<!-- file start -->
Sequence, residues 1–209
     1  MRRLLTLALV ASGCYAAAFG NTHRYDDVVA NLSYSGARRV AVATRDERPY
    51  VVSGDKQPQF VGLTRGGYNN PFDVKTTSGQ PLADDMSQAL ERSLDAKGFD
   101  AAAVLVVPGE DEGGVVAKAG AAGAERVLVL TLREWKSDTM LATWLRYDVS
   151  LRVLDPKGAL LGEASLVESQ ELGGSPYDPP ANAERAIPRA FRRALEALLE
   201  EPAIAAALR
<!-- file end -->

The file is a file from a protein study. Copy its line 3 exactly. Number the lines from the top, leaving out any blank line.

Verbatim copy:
    51  VVSGDKQPQF VGLTRGGYNN PFDVKTTSGQ PLADDMSQAL ERSLDAKGFD